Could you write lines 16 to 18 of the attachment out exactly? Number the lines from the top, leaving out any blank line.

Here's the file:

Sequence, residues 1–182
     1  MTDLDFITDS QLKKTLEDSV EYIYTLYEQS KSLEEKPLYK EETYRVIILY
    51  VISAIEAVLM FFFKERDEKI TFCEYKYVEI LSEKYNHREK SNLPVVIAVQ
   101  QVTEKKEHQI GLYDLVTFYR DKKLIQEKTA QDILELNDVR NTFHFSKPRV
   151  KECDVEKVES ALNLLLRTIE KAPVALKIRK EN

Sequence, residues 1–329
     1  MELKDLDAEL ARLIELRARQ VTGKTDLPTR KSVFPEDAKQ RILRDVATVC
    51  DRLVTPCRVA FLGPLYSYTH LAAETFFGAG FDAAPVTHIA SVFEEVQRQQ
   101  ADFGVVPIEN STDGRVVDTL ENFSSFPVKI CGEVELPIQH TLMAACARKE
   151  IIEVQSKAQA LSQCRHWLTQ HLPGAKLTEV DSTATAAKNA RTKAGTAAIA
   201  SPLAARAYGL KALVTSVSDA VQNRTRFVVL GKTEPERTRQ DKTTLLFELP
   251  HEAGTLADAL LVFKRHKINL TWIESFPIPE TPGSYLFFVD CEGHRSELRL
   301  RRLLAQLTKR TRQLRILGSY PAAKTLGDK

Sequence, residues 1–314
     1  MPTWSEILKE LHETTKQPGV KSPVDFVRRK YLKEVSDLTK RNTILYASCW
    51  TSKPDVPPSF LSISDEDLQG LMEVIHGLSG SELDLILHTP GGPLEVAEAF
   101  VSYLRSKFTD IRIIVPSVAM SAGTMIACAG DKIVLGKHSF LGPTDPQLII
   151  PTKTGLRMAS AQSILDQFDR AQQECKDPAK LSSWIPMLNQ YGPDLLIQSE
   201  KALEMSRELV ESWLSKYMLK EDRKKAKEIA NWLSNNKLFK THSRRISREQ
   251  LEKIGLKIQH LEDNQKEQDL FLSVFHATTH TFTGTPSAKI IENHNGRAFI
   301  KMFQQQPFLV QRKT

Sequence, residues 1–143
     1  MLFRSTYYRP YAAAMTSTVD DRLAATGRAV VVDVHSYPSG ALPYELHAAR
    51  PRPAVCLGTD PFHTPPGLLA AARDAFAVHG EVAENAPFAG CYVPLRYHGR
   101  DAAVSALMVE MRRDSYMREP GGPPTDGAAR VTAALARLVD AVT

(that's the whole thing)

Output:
    51  TSKPDVPPSF LSISDEDLQG LMEVIHGLSG SELDLILHTP GGPLEVAEAF
   101  VSYLRSKFTD IRIIVPSVAM SAGTMIACAG DKIVLGKHSF LGPTDPQLII
   151  PTKTGLRMAS AQSILDQFDR AQQECKDPAK LSSWIPMLNQ YGPDLLIQSE